Among the 800 athletes at Saturday's Special Olympics track and field meet at the Millikan High School stadium in Long Beach was Yusef Graham, a tall, loose-limbed 14-year-old in gray sweat pants and a white T-shirt that identified him as a member of the Norwalk team.
Yusef, an autistic student in a special program at Norwalk High School, smiled a lot but said little more than "yes."
He had finished fourth in the 100-meter run and was being escorted off the field by his coach, Rick Osburn.
"He's a friend," Osburn said as Yusef clung to his back. "He's a guy who likes to hang onto you."
Osburn, a lean, amiable young man who is a sophomore on the Rio Hondo College basketball team, had been working for the city of Norwalk as a sports official when he was asked to be a Special Olympics coach.
"I fell in love with it," he said.
When Yusef rejoined his teammates in the bleachers, he curled up with a water bottle and waited to be called for the softball throw.
Osburn went back down on the field, disappearing among 400 other volunteers. More running and jumping events were held, and after each it was hard to get the ecstatic athletes up on the awards platform, so intent were they on slapping hands with as many people as they could.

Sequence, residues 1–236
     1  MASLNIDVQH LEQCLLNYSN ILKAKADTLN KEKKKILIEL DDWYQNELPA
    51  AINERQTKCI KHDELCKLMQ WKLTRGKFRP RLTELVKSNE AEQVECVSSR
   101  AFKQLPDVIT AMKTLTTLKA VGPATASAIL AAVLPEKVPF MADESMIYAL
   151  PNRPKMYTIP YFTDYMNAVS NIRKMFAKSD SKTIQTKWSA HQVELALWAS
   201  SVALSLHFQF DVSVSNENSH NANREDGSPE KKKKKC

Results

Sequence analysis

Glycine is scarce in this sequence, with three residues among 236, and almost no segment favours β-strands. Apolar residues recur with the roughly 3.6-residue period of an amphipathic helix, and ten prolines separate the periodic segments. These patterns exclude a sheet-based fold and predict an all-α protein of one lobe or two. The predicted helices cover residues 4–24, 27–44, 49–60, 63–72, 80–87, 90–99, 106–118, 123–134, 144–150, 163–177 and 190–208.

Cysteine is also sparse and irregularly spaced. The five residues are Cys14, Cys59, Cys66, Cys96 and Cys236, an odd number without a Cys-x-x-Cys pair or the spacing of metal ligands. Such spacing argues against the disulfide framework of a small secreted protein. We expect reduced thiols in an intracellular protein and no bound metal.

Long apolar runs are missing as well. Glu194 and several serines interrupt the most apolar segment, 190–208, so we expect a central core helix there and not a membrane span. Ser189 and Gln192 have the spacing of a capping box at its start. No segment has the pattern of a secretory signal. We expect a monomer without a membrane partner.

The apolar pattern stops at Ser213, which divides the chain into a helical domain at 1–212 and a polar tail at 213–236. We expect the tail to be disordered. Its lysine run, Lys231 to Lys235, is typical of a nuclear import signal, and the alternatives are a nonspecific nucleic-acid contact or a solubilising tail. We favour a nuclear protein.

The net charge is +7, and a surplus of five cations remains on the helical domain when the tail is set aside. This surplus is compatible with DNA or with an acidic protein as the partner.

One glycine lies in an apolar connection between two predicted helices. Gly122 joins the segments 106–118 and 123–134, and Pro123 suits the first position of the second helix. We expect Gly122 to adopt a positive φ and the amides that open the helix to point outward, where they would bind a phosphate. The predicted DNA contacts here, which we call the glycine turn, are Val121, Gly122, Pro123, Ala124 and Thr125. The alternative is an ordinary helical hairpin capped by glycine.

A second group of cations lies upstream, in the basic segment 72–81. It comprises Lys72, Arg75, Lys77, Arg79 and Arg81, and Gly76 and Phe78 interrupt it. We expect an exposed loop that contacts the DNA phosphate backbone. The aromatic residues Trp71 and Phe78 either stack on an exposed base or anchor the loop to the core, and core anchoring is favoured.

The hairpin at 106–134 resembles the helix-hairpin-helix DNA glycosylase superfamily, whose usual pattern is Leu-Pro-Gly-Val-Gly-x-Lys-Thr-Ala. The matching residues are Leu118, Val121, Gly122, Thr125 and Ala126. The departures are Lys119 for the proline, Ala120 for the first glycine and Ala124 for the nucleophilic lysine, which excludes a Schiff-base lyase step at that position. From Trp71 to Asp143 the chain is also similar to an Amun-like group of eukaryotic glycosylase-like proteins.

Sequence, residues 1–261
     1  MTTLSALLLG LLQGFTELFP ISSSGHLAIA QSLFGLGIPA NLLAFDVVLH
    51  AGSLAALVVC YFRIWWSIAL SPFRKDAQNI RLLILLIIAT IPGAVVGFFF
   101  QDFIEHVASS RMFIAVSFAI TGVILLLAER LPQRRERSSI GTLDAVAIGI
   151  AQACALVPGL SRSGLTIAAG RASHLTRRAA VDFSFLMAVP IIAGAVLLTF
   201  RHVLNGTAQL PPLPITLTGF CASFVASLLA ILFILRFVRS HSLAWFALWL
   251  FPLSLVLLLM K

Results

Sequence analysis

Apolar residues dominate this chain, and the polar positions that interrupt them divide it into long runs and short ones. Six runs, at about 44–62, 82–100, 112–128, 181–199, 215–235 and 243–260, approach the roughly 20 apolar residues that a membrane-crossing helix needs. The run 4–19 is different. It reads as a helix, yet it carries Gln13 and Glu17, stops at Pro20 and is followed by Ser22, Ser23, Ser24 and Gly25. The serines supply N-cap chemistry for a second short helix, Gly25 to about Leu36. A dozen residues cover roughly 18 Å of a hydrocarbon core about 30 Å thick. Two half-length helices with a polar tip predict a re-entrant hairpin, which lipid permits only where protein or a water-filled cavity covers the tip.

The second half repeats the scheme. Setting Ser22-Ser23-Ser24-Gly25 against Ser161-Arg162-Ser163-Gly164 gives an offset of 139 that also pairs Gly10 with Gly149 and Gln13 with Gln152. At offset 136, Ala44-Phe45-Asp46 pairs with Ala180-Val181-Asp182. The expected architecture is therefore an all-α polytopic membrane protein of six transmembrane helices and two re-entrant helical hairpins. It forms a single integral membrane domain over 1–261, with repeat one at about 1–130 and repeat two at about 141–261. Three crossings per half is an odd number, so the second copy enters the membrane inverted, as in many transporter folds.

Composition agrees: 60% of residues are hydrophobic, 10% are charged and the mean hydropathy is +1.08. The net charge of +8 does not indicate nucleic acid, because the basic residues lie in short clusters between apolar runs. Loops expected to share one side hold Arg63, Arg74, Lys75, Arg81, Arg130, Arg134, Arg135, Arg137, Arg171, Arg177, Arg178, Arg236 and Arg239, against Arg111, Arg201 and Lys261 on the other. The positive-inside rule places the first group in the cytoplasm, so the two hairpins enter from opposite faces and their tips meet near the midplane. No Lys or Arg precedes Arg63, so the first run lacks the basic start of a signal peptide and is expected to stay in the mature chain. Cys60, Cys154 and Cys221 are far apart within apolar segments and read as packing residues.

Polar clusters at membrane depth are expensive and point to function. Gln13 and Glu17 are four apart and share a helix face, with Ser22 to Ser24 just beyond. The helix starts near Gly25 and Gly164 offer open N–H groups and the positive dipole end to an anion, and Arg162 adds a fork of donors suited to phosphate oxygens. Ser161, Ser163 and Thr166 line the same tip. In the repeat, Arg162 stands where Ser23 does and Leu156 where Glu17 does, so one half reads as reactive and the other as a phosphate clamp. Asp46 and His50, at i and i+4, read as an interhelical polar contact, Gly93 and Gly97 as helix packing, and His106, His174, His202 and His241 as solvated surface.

"The athletes have to train for eight weeks before they compete," said Betty Nordholm, the diminutive director of the Long Beach Area of the California chapter of Special Olympics International that was host to the 14-team meet.
Nordholm, whose daughter, Carol Nordholm, 37, was in the swimming competition, added: "Our primary concern is our year-round sports-training program for children and adults who are mentally retarded."
After an hour's wait, Yusef was on the field, warming up by playing catch with his mother, Mercedes Tudy.
"Are you ready for the softball throw?" Osburn asked.
"Yes," answered Yusef, whose eyes were hidden by his red-and-white cap.
As the afternoon sun got hotter, Yusef yawned. Finally it became his turn to shine.
The young right-hander stepped up and threw the ball 30 feet, far enough to earn a "Very good, kiddo" from his mother.
Yusef and Osburn exchanged high-fives and then the smiling youngster, without a word, sat on the grass and let all the praise wash over him.
He had not finished first but he had fulfilled the Special Olympics oath that was spelled out on the front of his shirt:
"Let me win; but if I cannot win, let me be brave in the attempt."